Brett Quigley, Chad Campbell, Mark O'Meara, Shaun Micheel and 2002 Q-School medalist Jeff Brehaut finished tied for 10th at 16-under-par 200.
 
David Peoples, who finished alongside Begay in a tie for the lead after the second round, was quiet Saturday with a round of 71. Peoples finished five shots off the lead in a group at 15-under-par 201.
 
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    What's in the bag: CareerBuilder winner Rahm

    By Golf Channel DigitalJanuary 22, 2018, 10:37 pm

    Jon Rahm defeated Andrew Landry in a playoff to earn his second PGA Tour title at the CareerBuilder Challenge. Here's what's in his bag:

    Driver: TaylorMade M4 (9.5 degrees), with Aldila Tour Green 75 TX shaft

    Fairway wood: TaylorMade M3 (19 degrees), with Aldila Tour Green 75 TX shaft

    Irons: TaylorMade P790 (3), P750 (4-PW), with Project X 6.5 shafts

    Wedges: TaylorMade Milled Grind (52, 56 degrees), Milled Grind Hi-Toe (60 degrees), with Project X 6.5 shafts

    Putter: TaylorMade Spider Tour Red

    Ball: TaylorMade TP5x

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    Strange irked by Rahm-Landry friendly playoff

    By Jason CrookJanuary 22, 2018, 9:45 pm

    Curtis Strange knows a thing or two about winning golf tournaments, and based on his reaction to the CareerBuilder Challenge playoff on Sunday, it’s safe to say he did things a little differently while picking up 17 PGA Tour victories in his Hall-of-Fame career.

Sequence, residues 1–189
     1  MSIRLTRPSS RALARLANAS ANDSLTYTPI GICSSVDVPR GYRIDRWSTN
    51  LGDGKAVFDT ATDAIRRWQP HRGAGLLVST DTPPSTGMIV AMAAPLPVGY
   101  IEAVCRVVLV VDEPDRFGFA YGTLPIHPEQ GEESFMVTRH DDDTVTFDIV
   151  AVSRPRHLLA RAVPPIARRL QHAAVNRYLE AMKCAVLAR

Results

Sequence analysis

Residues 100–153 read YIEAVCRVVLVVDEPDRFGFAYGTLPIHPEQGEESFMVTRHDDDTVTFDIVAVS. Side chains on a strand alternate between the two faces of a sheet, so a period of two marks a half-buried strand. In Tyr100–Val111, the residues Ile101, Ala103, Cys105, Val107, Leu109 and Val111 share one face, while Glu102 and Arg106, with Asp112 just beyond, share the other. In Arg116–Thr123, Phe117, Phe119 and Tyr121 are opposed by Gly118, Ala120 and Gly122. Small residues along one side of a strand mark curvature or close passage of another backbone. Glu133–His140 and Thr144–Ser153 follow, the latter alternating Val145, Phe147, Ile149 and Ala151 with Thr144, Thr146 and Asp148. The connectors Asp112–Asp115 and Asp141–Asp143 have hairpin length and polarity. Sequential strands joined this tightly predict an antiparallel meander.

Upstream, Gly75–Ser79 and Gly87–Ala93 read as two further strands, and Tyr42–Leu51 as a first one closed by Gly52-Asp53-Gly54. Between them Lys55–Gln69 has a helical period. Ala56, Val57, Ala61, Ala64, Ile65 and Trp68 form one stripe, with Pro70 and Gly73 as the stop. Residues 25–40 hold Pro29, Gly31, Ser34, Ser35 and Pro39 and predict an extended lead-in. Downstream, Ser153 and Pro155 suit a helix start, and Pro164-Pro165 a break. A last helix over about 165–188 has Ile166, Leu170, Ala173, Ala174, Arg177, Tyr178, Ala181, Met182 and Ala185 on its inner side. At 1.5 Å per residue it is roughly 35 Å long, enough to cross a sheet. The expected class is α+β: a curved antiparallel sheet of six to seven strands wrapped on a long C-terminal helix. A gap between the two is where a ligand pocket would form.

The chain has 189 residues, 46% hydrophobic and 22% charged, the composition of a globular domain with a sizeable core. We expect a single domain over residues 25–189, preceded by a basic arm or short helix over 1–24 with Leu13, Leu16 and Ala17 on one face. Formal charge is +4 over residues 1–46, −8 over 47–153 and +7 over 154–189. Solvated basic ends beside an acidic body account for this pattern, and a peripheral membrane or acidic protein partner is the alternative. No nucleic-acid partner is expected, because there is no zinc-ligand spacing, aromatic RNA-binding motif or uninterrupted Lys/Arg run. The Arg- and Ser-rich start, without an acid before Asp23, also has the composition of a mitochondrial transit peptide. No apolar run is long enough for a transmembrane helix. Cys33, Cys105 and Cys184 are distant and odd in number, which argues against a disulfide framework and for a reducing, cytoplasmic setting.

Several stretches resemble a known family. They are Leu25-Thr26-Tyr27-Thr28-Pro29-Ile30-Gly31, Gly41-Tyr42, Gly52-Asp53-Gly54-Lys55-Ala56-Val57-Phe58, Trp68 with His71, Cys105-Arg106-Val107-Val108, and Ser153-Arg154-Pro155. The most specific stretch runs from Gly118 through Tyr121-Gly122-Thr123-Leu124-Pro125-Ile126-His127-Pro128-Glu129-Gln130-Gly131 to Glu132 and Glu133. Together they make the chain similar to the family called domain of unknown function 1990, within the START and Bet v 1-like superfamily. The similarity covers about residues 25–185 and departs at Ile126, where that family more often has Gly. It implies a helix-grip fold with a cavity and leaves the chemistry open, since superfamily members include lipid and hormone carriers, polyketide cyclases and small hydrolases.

While Jon Rahm and Andrew Landry were “battling” through four extra holes, Strange, 62, tweeted his issues with the duo’s constant chit-chat and friendly banter down the stretch at La Quinta Country Club, where Rahm eventually came out on top.

    The two-time U.S. Open champ then engaged with some followers to explain his point a little more in depth.

    So, yeah ... don't think he's changing his perspective on this topic anytime soon ever.

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    Randall's Rant: The Euros won't just roll over

    By Randall MellJanuary 22, 2018, 9:36 pm

    The Ryder Cup may not be the King Kong of golf events yet, but you can hear the biennial international team event thumping its chest a full eight months out.

    As anticipation for this year’s big events goes, there is more buzz about Europe’s bid to hold off a rejuvenated American effort in Paris in September than there is about the Masters coming up in April.

    Thank Europe’s phenomenal success last weekend for that.

    And Rory McIlroy’s impassioned remarks in Abu Dhabi.

    And the provocative bulletin board material a certain Sports Illustrated writer provided the Europeans a couple months ago, with a stinging assault on the Euro chances that read like an obituary.

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    The Ryder Cup topped his list.

    Though McIlroy will be trying to complete the career Grand Slam at Augusta National come April, he talked more about the Ryder Cup than he did any of the game’s major championships.

    When asked a follow-up about the American team’s resurgence after a task-force overhaul and the injection of young, new star power, McIlroy nearly started breaking down the matchup. He talked about the young Americans and how good they are.

    “Yeah, the Americans have been, obviously, very buoyant about their chances and whatever, but it’s never as easy as that. ... The Ryder Cup’s always close,” McIlroy said. “I think we’ll have a great team, and it definitely won’t be as easy as they think it’s going to be.”